On CNN a few weeks ago I was asked whether I agree with the sentiment that Tim Tebow’s religious displays in football games are overdone and out-of-place. “Oh yes,” I replied, “it certainly is. Faith should have no place in sport. Indeed, I believe that the only thing that should be allowed at football games are truly dignified displays like women jumping up and down in lycra with pompoms and cleavage, and bare-chested, pot-bellied men with their teams written across their stomachs, and people wearing cheese hats on their
Archive for January 10th, 2012
Modern life has been hard on sleep. Millions of people resort to sleep aids, either over the counter or by prescription, in an effort to pass the night without insomnia or disrupted sleep. But as common as it is for us to complain when wedidn’tget a good night’s sleep, there’s a very common disruption that tends to get overlooked: OSA, or obstructive sleep apnea. The name is becoming more common, unfortunately, because OSA has joined type 2 diabetes as a condition largely stemming from the national epidemic of obesity.
<!– Visualization is courtesy of TheVisualMD.com
Many people think that sleep apnea is snoring, but although it's frequently associated with snoring (commonly a wife will bring her husband to the doctor with complaints about being kept awake), apnea is a different
Agapi Stassinopoulos, motivational speaker and the author of Unbinding the Heart (Hay House, 2012), stopped by my kitchen today.Agapihas given seminars worldwide for both men and women, working to empower them to recognize their individual gifts and create the lives they want. Her new book, Unbinding the Heart, invites readers on an inspiring journey of inner exploration to reconnect with their true selves. In it, she shares 32 personal, heartfelt stories full of insight and humor, including a story about the love of food her mother imparted in her as a way of bonding and celebrating life. Visit her website atunbindingtheheart.com
There is traditional therapy — the kind that often involves years of exploring the sinewy terrain of one’s psyche — and there is life coaching, an alternative approach to therapy. According to Martin Seligman, the founder and pioneer of positive psychology, life coaching revolves around the essential question: Do you want to be pulled by your future or driven by your past?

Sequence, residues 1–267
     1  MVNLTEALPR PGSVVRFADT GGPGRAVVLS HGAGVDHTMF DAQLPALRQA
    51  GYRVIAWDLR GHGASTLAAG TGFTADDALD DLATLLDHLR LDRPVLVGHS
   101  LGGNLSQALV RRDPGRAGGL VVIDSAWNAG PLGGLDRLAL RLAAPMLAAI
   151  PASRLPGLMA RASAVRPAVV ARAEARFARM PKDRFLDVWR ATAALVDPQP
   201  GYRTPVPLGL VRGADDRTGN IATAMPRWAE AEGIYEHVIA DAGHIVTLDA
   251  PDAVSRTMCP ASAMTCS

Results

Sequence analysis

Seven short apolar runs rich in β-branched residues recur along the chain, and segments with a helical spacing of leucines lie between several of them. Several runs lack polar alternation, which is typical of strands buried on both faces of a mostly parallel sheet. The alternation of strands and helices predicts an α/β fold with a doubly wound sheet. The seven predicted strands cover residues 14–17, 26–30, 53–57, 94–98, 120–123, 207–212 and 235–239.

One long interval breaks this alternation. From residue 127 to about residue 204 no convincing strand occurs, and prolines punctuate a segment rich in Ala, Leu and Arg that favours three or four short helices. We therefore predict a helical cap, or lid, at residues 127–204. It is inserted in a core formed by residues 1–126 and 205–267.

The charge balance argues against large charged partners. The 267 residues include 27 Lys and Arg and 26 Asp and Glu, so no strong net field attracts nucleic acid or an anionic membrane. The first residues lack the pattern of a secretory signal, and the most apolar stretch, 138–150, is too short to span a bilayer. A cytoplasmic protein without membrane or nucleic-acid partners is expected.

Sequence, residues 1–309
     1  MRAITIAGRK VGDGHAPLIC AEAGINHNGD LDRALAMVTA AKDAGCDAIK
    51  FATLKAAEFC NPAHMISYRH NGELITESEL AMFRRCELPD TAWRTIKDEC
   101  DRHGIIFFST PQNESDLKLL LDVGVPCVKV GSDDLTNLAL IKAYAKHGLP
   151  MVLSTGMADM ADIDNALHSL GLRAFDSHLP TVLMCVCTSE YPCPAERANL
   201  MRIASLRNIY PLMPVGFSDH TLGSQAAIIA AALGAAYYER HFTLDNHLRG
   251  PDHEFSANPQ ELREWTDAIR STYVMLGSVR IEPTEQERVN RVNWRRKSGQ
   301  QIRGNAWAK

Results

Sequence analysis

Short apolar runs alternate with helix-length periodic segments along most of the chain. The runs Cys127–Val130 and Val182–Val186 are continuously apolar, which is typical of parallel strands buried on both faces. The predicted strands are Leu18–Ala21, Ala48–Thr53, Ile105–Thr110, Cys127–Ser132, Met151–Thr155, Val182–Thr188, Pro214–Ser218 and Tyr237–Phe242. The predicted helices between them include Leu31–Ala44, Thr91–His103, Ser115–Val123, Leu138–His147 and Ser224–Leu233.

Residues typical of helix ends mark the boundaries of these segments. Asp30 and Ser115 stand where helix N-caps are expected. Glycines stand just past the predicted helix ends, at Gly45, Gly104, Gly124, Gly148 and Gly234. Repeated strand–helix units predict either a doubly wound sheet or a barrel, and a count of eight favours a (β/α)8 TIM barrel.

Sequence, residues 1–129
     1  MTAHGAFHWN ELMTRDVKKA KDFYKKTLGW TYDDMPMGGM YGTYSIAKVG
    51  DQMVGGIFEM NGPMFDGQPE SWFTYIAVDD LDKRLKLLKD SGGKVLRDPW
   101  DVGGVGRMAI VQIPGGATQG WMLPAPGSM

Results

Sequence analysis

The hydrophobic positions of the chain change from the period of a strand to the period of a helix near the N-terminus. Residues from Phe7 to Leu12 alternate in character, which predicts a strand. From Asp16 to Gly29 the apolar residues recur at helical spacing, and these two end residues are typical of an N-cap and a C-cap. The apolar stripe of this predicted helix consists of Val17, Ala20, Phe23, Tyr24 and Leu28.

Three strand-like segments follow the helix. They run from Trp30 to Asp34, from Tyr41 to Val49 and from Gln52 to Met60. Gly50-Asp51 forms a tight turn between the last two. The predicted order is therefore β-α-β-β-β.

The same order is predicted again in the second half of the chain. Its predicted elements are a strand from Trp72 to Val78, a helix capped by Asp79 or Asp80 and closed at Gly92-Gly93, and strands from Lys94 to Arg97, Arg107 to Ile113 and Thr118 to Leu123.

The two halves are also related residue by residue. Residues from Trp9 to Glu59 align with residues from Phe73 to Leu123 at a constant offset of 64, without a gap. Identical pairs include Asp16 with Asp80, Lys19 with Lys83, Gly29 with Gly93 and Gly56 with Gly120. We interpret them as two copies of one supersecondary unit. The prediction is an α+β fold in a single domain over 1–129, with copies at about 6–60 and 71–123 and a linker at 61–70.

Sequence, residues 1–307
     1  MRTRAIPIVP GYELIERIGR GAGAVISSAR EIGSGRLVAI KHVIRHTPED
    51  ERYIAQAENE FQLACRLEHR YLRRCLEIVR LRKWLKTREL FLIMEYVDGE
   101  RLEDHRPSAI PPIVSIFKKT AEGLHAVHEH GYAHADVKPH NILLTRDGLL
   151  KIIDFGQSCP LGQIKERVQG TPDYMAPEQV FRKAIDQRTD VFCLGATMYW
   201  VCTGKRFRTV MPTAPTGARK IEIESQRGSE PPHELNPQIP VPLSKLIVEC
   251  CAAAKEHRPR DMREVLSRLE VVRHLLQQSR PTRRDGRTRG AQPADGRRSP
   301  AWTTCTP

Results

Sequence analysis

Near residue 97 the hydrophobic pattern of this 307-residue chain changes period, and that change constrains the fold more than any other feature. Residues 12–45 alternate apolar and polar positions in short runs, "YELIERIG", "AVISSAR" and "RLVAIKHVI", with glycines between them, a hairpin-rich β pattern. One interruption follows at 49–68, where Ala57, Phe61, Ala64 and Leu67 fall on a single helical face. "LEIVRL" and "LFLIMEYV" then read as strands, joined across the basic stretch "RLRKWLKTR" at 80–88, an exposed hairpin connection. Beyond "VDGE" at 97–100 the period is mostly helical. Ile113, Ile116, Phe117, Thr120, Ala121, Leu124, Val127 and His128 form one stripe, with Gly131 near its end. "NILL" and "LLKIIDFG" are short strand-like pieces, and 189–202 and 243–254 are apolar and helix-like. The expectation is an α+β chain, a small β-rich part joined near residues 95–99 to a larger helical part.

Carol Kauffman, founder and director of the Institute of Coaching and an assistant clinical professor at Harvard Medical School, put it differently in an interview in the trade publication “Coaching at Work”: “The difference is that in therapy you follow the trail of tears with a goal of healing,” Kauffman said in the interview. “As a side-effect, people’s levels of function and job satisfaction go up. In coaching, you follow the trail of dreams with the goal of igniting the person to be their
I’m not sure what my expectations were when I went to Southwest Virginia for a week a few months back. The only part of Virginia I had glimpsed before was Arlington, which, as one native told me, is worlds away from the sliver of the state that’s closer to Tennessee, North Carolina and Kentucky than to our nation’s capital.
This is the South, where the Civil War is reenacted regularly and still the topic of many conversations. Surprisingly, though, I only saw one confederate flag, but many mixed feelings of what that flag
This is the second installment of a five-part series. Read part one.
Up the stunning R478 coastal road, full of scoops and cuts, pleats and tucks, bights and coves, where the cold Atlantic is engaged in its never-ending battle with the rocky shore: By mid-afternoon, we pull into “The Cliffs of Insanity,” as so aptly termed in The Princess Bride. Ne The Cliffs of Moher, they are the most visited outdoor site in country and were short-listed for one of the New Seven Wonders of Nature (but didn’t make the final cut). Beyond the capacious car park there is one spectral man-made structure overlooking the 702-foot-high cliffs, a gray tower built in 1835 by Sir Cornelius O’Brien, a descendent of the first High King of
Note: The following contains spoilers if you have not seen Season 2, Episode 15 of ABC Family’s “Pretty Little Liars,” entitled, “A Hot Piece Of ‘A.’”
The second “Pretty Little Liars” episode of 2012 picked up almost exactly where the first left off, but it was infinitely better than its predecessor.
After Hanna, Spencer, Aria and Emily debate whether the alleged “A” was a “him,” “her,” or an “it” — Emily’s going with non-”him” due to running prowess, or lack thereof — they get in a real fight that rivals their fake one from the previous episode.
They have to decide what to do with their tormentor’s locked phone, but Hanna thinks it’s an opportunity to talk about evil step-sister Kate moving to Rosewood. The others, Spencer and Emily in particular, are not having it and suggest they go to the only person in town who has hair as shiny as they do: hacker extraordinaire